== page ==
If the definition of insanity involves doing the same thing repeatedly and hoping for a different result, maybe the long-troubled New York City Housing Authority, the nation’s largest, isn’t entirely insane after all.
Rather than pouring yet more money into repairs of the crumbling Fulton and Elliot-Chelsea Houses, among the nation’s oldest public-housing projects, NYCHA has — boldly — decided to tear them down, as it announced Wednesday.
Unfortunately, the replacement that it plans, likely a model for future demolitions in the aged system, perpetuates some of the suspect principles of traditional public housing, including lifetime tenure for tenants.
What’s more, it keeps prime property off the tax rolls at a time when New York City desperately needs revenue.
The logic of replacing 2,000 public-housing apartments with a $1.5 billion high-rise complex is deceptively seductive: Building anew will cost less than rehabilitating the existing structures.
But the decision to guarantee all the current tenants brand-new, modern apartments overlooks an alternative that could not only compensate tenants but also put the real estate in the hands of private, tax-paying owners.
NYCHA is turning its back on a real-estate gold mine.
Like many of its properties, Fulton-Elliott-Chelsea sits on land so valuable that it could be sold, provide generous buyouts for current tenants and be cleared for private development.
Based on property assessments from NYCHA, the Chelsea Houses land is worth $67 million; the Elliott Houses, $77 million; the Fulton Houses, $101 million.
Selling the sites could provide Chelsea tenants up to $157,000 each — and allow the sites to be put on the tax rolls.
(The Baruch Houses on the Lower East Side are worth even more — $111 million, enabling tenant buyouts of a staggering $564,000 each.)
Of course, tenants needn’t get such large sums.
And by retaining some of the proceeds, the sale of these and other properties could provide a windfall for NYCHA, endowing it with a renovation fund to sustain a smaller but better-maintained system, rather than the current one plagued by falling bricks, heat and hot water outages and elevator breakdowns.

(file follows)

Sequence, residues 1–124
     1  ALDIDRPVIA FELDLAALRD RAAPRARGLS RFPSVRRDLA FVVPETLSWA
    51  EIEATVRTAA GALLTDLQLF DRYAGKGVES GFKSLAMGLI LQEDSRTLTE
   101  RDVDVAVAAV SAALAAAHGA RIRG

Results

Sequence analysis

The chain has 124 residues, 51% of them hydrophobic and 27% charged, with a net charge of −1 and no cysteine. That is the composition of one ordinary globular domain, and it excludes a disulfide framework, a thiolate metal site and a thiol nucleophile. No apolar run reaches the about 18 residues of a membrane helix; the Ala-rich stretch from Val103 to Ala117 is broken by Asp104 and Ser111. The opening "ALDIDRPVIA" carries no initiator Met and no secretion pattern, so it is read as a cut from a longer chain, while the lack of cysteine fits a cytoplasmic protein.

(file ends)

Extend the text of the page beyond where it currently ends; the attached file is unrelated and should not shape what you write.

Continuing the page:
Why, after all, simply based on the coincidence of their happening to live in Chelsea-Elliott-Fulton at the time of its planned demolition, should these tenants in particular qualify for the sort of brand-new unit that low-income households across the city would pine for — and then have the right to stay there in perpetuity?
While tenants in the Jackson Houses (Bronx), Queensbridge Houses (Queens) and Brownsville Houses (Brooklyn) live with rats and roaches, a lucky few hit the housing jackpot.
Far better to compensate current Chelsea-Elliott-Fulton tenants, provide them time to find new housing and “unfreeze” some of NYCHA’s frozen real estate.
In the private housing markets (in which most Americans live), tenants and owners must face difficult choices when taxes or rents rise along with heating and maintenance costs.
To buffer a select group of public-housing tenants from such pressures simply because they happen to live in a project too dilapidated to repair “privileges” them, as the left would put it.
NYCHA culture must change, from one in which some people get to live for a lifetime in subsidized units to one where they live only temporarily in transitional housing, while striving and saving for a return to the private market.
Nor is the windfall for existing tenants the only problem with the new plan.
As is the city’s pattern, the replacement high-rises would include a range of specific income-restricted apartments, not just for those of lowest-income.
This mixed-income approach overlooks an essential truth about housing markets: New construction of any kind increases overall supply and brings down median prices.
Releasing land to the private sector for new housing will help buffer rents everywhere.
It will also boost the property-tax rolls, reaping new revenue the city desperately needs.
None of these options, of course, can fully solve NYCHA’s long-term woes overnight: The authority lacks the funds to rebuild or replace all of its buildings that need work, and it surely can’t reap enough revenue in some neighborhoods, even by releasing private land.
But as the city faces looming and growing budget constraints, it must start to make choices that seemed politically unimaginable not long ago.
Revenue shortages that spark cuts in services will drive even more New Yorkers to Florida.